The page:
How to cross-compile for older platform versions

Besides compiling source code into class files suitable for the current JDK, javac can also be used as a cross-compiler to produce class files runnable on JDKs implementing an earlier version of the Java SE specification. However, just using
javac1.6 -source 1.4
is in general not sufficient to ensure that the resulting class file(s) will be usable in a 1.4 JDK. While this will work for many programs, benign evolution of the libraries and platform can cause failures if the program is run on the older JDK. As described in the cross-compilation example in the javac man page, the bootclasspath needs to be set to an appropriate library version too.

Targeting the right version of a library is important because libraries are not forward-compatible. That is, older versions of a library don't have facilities to handle calls to methods added in future versions of the library.

One fundamental job of javac is to translate symbolic name-based method and constructor calls in the source code to signature-based calls in the class file. Consider two versions of a library:

// Original
public class Library {
  public void foo(double d) {System.out.prinln("double foo");}

// Evolved
public class Library {
  public void foo(double d) {System.out.prinln("double foo");}
  public void foo(int i)    {System.out.prinln("int foo");}

and a client program

public class Client {
  public static void main(String... args) {
     (new Library()).foo(1);

When processing a call site like ".foo(1)", javac goes through a nontrivial method resolution procedure. When Client is compiled against the original library, the method call resolves to foo taking a double parameter,, which is the only choice in this case. This in turn is represented in the class file as "invoke the method in class Library named foo with one double parameter that returns void." However, after the foo method is overloaded, the call ".foo(1)" will get resolved as since it is more specific than the other applicable choice and the class file will instead "invoke the method in class Library named foo with one int parameter that returns void" Therefore, regardless of the -source or -target options given to javac, the class file of Client compiled against the new library will reference a method specific to the new version of the library. When such a class file is then run against the old version of the library, a NoSuchMethodError will result since is not present.

Library writers should be cautious about overloading in general and especially wary of adding new overloadings. Besides this cross-compilation wrinkle, which has occurred in practice, new overloadings can alter the operational semantics of existing source code, as seen in this case where the printed message is changed.

The @since tags that appear in the platform javadoc are not used by javac to constrain the set of methods considered available when setting -target. These tags are only informative and are not represented in the compiled class files on the implicit or explicit bootclasspath. While it would be technically possible to store this information in the class files, for example as annotations or class file attributes, method overloading is already very complicated and this extra complexity would increase fragility of the compiler for little benefit.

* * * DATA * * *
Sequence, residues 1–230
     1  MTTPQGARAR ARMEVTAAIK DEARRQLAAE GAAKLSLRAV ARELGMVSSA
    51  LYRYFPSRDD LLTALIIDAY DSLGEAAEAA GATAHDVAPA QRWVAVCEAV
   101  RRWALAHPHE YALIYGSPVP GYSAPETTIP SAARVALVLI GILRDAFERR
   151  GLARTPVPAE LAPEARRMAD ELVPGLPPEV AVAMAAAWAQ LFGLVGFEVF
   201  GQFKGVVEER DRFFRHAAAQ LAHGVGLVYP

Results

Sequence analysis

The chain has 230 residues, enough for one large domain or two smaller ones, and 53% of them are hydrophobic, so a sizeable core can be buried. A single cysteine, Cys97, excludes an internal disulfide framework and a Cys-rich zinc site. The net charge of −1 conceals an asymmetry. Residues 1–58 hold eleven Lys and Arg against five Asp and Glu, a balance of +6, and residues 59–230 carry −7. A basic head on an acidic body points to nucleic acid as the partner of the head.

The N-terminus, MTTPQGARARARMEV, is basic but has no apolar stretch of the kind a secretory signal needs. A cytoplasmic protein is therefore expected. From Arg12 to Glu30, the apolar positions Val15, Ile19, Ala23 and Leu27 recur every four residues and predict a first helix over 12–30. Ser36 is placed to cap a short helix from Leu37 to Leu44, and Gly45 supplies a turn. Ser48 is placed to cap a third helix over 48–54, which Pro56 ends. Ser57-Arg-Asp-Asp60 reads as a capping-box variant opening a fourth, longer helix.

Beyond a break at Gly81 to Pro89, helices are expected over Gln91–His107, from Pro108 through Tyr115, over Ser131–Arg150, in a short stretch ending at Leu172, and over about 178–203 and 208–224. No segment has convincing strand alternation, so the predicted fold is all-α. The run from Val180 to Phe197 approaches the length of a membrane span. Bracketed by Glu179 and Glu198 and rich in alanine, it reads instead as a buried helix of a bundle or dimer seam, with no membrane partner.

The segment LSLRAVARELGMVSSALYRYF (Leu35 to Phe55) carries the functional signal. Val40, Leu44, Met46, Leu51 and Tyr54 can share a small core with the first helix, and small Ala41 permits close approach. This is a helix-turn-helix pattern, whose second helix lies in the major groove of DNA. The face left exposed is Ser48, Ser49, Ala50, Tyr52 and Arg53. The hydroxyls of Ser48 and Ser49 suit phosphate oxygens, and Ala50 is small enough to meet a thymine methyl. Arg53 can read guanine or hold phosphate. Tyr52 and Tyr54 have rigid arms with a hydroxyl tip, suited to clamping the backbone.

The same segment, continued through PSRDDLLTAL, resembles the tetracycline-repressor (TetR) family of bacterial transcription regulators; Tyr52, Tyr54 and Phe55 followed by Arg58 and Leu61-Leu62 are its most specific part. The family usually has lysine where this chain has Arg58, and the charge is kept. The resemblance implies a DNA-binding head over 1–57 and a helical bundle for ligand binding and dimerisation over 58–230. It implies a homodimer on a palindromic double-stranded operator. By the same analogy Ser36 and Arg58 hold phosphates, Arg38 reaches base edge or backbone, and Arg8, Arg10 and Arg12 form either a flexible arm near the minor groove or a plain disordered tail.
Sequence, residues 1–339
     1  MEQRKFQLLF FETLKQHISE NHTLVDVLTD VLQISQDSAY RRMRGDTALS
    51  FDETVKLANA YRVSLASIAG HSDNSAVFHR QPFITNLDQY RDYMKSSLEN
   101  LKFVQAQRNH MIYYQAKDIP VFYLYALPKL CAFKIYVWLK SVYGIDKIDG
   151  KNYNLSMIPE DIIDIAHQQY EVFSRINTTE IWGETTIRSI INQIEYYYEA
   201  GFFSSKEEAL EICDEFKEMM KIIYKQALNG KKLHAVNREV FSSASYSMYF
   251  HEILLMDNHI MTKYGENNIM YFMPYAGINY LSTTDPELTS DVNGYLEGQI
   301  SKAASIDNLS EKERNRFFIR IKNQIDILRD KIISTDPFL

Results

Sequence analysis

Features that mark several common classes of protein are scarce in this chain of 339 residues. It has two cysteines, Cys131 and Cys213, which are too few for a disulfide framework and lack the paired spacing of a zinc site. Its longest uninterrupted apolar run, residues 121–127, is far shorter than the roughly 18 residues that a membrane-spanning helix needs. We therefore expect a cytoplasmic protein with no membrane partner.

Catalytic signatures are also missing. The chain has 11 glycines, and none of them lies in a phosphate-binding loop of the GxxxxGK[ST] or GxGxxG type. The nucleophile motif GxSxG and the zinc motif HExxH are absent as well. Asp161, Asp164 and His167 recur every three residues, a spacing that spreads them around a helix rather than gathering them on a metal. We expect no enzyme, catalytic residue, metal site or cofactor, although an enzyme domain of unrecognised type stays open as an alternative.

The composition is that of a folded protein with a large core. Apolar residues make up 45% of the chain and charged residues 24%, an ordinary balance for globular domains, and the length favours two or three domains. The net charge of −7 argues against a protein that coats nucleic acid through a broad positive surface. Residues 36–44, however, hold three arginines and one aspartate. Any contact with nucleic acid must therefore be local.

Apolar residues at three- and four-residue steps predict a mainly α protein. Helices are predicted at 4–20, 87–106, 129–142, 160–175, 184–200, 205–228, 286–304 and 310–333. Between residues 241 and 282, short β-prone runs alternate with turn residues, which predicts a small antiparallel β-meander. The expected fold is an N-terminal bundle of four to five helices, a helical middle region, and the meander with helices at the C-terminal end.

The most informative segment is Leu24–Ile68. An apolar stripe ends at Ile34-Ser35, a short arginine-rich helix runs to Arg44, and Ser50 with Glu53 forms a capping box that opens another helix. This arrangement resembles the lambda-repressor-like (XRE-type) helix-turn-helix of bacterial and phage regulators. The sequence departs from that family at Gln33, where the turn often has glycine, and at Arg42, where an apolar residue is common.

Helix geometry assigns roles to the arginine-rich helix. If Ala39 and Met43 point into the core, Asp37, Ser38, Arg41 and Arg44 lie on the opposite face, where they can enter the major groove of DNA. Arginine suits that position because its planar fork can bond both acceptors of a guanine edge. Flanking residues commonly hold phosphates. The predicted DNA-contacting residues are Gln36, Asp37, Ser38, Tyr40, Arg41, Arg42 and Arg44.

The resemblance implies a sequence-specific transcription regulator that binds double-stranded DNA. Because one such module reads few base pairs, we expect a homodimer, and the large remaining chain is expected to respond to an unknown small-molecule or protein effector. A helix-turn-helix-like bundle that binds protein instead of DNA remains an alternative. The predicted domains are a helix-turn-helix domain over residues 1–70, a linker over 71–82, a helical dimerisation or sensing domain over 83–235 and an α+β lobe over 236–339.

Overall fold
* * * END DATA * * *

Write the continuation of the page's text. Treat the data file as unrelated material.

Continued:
Additionally, even when the bootclasspath and -source/-target are all set appropriately for cross-compilation, compiler-internal contracts, such as how anonymous inner classes are compiled, may differ between, say, javac in JDK 1.4.2 and javac in JDK 6 running with the -target 1.4 option.

The most reliably way to produce class files that will work on a particular JDK and later is to compile the source files using the oldest JDK of interest. Barring that, the bootclasspath must be set for robust cross-compilation to an older JDK.


I remember the same issue when StringBuffer.append(StringBuffer) was introduced in 1.4.

"Method overloading is already very complicated",
i agree, the introduction of varargs and autoboxing complexify the algorithm but
introduce @Since at runtime will only reduce the set of applicable methods (section of the JLS3), it seems straightforward.


Posted by Rémi Forax on February 28, 2008 at 12:45 AM PST #


Yes, I also closed bug 6578661 "StringBuffer.insert() compiles with CharSequence with 1.4 target." Many seemingly simple compilation changes can be surprising involved. For example, I'd anticipate complications from things like adding an interface to the platform in release N and declaring an existing class implements the interface in release (N+1) when the methods already exist; if compiling to release N, the class shouldn't implement the interface, etc. Another complicating factor is that the @since tags have been known to be incorrect from time to time (6367207 "Ensure correctness of all @since tags added since 1.2").


Posted by Joe Darcy on February 28, 2008 at 10:28 AM PST #

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